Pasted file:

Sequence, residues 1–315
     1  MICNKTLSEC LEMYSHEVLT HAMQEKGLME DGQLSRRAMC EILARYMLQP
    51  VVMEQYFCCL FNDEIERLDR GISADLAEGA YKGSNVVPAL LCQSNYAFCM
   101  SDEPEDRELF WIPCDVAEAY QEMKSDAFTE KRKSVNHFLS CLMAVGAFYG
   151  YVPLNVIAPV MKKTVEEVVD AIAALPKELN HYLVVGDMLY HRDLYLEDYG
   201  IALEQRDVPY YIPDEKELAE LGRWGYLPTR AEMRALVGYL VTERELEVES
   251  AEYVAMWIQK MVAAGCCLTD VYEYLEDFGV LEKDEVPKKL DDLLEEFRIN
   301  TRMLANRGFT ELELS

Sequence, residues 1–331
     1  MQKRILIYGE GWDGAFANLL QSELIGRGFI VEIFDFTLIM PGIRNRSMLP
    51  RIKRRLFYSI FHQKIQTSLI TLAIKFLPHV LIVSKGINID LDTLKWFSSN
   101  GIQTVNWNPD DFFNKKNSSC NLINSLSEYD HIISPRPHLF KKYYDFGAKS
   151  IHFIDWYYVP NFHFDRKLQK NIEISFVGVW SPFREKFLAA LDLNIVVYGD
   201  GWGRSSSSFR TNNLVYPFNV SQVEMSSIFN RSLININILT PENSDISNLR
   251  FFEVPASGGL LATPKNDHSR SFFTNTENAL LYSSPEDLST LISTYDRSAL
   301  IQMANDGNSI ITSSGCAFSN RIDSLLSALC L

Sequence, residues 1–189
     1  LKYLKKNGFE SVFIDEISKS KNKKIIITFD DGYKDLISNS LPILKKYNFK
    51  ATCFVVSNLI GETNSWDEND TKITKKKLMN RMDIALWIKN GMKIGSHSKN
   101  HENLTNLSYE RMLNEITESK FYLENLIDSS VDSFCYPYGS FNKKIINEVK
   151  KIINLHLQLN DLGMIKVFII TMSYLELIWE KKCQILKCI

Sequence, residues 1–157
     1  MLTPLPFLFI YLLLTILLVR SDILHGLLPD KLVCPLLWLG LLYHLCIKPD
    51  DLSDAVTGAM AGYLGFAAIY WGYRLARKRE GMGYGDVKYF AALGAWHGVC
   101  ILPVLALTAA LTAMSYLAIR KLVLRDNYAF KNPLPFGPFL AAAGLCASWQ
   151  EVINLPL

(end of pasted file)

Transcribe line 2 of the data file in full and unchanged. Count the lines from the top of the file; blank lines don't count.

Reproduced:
     1  MICNKTLSEC LEMYSHEVLT HAMQEKGLME DGQLSRRAMC EILARYMLQP